Eleven agricultural producers in Louisiana, in-cluding Jack Dailey from Franklin Parish, have com-pleted the requirements to become 2010-2011 Certi-fied Master Farmers in the LA Master Farmer Program. Over three thousand producers are enrolled in the program and one hundred thirty-five have completed certification with fully implemented management plans. Five field day presentations, along with two environ-mental camps, three day camps and classroom demonstrations emphasized the benefits of Best Man-agement Practices to over two hundred fifty producers, over nine hundred youth and thirty-seven teachers. Two LA Master Farmer Phase I trainings were con-ducted.

Two six-day and one three-day environmental camps were conducted, focused on an in-depth study of the bottomland hardwoods ecosystem. Thirty-five youth and thirty-two adults, including staff and twenty-six volun-teers participated. Eleven state and federal agencies, two school districts and two private donors collaborated to provide funding, instruction and teaching facilities for the three camps.

Who we reach:

6,203 - Youth (includes 421 4-H members & 14 school 4-H clubs), 3,450 - Youth Education Outreach, 11,254 - Adults, 7168 Ag & Natural Resources, 4,086 Family Consumer Sciences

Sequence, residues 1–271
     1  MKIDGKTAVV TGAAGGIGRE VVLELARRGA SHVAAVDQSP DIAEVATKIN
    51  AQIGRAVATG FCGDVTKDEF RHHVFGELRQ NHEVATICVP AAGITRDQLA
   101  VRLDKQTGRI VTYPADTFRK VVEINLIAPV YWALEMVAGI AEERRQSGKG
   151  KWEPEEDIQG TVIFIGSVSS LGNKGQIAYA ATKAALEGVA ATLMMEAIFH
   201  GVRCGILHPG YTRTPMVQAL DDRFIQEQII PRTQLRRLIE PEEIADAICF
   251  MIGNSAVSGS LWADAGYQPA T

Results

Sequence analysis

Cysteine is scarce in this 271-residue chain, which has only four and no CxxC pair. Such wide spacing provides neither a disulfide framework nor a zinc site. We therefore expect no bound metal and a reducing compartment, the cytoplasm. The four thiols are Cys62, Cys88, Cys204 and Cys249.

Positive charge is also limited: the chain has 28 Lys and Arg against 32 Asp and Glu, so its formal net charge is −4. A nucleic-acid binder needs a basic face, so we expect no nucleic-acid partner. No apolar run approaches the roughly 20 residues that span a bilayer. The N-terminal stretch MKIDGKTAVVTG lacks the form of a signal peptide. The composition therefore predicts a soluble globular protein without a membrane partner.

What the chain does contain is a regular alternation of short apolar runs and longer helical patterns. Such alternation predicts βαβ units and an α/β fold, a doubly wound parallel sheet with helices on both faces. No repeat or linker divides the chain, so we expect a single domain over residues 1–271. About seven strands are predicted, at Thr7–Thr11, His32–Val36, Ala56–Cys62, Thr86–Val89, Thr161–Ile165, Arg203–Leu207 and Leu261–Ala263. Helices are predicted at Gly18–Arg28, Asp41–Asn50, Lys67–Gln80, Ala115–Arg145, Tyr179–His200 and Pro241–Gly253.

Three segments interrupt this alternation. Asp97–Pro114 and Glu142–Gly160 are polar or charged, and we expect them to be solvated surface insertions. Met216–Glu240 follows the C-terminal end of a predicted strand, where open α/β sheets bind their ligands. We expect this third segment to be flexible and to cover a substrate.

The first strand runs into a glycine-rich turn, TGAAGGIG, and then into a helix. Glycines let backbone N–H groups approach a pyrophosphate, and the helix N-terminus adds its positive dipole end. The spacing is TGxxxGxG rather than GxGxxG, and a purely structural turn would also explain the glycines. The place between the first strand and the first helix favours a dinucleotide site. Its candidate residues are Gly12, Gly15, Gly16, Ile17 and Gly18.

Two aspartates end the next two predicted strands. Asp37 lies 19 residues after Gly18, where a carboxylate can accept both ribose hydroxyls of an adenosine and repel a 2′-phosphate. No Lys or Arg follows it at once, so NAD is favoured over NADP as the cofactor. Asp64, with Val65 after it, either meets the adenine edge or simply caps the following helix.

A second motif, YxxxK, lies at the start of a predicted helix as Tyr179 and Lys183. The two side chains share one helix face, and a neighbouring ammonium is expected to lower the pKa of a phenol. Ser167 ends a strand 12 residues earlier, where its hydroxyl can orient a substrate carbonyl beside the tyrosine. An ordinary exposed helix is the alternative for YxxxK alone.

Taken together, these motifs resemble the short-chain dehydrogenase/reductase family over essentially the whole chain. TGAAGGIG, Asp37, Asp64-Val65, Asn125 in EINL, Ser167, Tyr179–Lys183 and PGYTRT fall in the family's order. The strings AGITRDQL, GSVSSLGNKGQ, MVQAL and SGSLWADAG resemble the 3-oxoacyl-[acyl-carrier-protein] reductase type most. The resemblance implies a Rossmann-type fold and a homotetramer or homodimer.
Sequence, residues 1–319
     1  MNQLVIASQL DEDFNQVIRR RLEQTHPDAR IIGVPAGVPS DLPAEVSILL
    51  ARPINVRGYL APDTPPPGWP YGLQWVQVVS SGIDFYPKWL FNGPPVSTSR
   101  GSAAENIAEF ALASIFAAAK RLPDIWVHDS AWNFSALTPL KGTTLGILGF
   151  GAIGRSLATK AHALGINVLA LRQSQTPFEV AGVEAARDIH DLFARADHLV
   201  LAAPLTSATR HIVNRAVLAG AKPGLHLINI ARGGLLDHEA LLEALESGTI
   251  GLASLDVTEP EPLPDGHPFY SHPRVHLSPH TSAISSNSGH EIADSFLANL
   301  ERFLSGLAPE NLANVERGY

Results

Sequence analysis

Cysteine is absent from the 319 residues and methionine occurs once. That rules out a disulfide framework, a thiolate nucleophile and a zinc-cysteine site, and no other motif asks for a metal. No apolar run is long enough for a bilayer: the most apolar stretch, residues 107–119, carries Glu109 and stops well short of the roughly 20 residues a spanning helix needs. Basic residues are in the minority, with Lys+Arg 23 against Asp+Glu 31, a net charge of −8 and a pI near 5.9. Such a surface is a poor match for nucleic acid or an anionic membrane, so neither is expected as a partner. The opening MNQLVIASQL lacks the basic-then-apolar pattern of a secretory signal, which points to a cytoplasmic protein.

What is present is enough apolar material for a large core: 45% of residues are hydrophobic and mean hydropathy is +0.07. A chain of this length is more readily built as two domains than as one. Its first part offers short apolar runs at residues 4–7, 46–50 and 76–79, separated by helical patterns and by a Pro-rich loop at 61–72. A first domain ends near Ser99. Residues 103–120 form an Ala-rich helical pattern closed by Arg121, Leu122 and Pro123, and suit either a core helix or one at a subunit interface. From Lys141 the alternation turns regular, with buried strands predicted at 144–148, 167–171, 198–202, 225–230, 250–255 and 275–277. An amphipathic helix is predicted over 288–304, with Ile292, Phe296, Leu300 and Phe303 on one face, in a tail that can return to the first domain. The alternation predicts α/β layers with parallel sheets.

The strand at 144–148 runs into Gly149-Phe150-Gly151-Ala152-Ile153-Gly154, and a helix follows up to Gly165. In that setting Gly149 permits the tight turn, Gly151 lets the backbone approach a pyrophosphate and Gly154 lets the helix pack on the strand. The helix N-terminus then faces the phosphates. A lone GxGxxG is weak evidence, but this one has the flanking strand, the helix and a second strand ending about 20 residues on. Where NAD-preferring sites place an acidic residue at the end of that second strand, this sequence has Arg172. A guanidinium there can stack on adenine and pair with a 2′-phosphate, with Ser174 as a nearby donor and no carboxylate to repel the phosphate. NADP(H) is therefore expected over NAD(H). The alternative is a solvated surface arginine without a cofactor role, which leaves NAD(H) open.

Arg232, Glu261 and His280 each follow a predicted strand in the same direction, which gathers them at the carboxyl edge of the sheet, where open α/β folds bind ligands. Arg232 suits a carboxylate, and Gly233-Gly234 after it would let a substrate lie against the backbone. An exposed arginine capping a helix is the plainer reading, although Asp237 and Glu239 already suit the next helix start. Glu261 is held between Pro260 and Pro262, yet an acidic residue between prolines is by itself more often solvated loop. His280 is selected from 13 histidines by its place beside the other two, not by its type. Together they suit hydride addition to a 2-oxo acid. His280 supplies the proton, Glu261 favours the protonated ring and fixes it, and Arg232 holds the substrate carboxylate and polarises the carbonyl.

How we reach them:

4-H clubs, Class series, School Enrichment, Demonstrations, Field days, Workshops, Newsletters, Web sites, Publications, Social media, Camps, Farm /home visits, Multi-parish outreach, Distance education, Partnerships, Collaborations, E-mail Project clubs.

Expanding our efforts:

109 Volunteers - 4-H, ANR, FCS 

Parish Facts  

LSU AgCenter County Agents provide research-based information on plant, aqua-culture, wildlife and animal enterprises to Franklin Parish clientele. The 2010 total dollar amount from these commodities were:

  • Plant enterprises - $117,233,024
  • Aquaculture and wildlife - $3,918,059
  • Animal enterprises - $15,723,928

Data from the Louisiana Ag Summary Web site: LSUAgCenter.com/agsummary

 Population - 20,767
Land area (square miles) - 623.4
Persons under 18 years old - 25%
Persons 65 years old and over - 16.6%
Median household income - $28,282
Persons below poverty - 29.1%  

Local Issues & Plans for this year:

1. Increase productivity and profitability of agriculture.  

  • Conduct on-farm variety demonstrations in corn, cotton and soybean.